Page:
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Physical biologist Manu Prakash received the New York Microscopical Society Ernst Abbe Award at an awards session at the Eastern Analytical Symposium (EAS) on Monday, November 14, in Plainsboro, New Jersey. The award celebrates of Prakash’s contributions to the field of microscopy, particularly through his development of the Foldscope, an optical microscope made from simple components, including a sheet of paper and a lens, that costs less than $1 to build.
Prakash’s Foldscope was designed to be portable and durable while performing on par with conventional research microscopes (140X magnification and 2-micrometer resolution). As part of the “frugal science” movement, the Foldscope enables communities around world to experience the world of microscopy.
Prakash uses his expertise in soft-matter physics to illuminate often easy-to-observe but hard-to explain phenomena in biological and physical contexts and to invent solutions to difficult problems in global health, science education, and ecological surveillance. His many lines of research are driven by curiosity about the diversity of life forms on our planet and how they work, empathy for problems in resource-poor settings, and a deep interest in democratizing the experience and joy of science globally.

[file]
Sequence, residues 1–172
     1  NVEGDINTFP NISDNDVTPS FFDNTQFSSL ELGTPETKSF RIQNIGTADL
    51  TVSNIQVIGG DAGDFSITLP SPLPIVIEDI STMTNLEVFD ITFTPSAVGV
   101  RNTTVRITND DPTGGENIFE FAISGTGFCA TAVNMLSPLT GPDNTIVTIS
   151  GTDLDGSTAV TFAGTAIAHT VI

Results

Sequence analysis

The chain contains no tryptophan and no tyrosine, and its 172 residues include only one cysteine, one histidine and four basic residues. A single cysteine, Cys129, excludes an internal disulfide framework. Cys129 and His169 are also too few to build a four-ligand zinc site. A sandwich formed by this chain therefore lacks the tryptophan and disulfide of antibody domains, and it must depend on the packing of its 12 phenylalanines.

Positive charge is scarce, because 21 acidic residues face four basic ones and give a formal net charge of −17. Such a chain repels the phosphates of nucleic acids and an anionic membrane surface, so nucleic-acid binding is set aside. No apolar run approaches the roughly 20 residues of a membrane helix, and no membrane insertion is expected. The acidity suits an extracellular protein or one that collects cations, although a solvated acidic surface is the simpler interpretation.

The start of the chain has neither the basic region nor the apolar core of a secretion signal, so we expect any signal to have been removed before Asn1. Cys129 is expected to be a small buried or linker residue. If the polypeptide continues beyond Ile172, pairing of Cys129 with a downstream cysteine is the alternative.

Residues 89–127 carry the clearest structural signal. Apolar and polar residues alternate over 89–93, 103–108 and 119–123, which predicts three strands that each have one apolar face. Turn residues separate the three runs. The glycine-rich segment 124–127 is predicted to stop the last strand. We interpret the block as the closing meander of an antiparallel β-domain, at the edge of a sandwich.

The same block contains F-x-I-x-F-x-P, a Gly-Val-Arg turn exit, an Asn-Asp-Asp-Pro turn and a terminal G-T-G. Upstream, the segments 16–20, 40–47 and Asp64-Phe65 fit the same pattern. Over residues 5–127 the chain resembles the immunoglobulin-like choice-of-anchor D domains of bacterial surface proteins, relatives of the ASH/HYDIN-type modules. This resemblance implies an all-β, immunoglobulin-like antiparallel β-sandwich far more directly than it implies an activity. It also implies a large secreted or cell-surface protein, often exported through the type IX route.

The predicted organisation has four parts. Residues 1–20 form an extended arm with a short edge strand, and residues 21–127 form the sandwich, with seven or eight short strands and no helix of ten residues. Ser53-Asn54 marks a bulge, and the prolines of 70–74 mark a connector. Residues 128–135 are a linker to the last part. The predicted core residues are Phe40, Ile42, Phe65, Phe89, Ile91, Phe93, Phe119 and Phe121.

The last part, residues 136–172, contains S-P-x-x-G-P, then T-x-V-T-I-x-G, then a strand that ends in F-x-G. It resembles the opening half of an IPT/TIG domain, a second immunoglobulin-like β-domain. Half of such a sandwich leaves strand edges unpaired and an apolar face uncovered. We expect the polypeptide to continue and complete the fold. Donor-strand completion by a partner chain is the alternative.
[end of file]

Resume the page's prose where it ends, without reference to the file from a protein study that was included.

Working on frugal science in his laboratory, Prakash builds, designs, and deploys tools for scientific explorations globally. His work in frugal science covers disciplines with applications in global health, environmental monitoring, and biodiversity discovery. The laboratory works in an open-source framework, where much of the work in frugal science is rapidly available to communities around the world, and consequently can be scaled.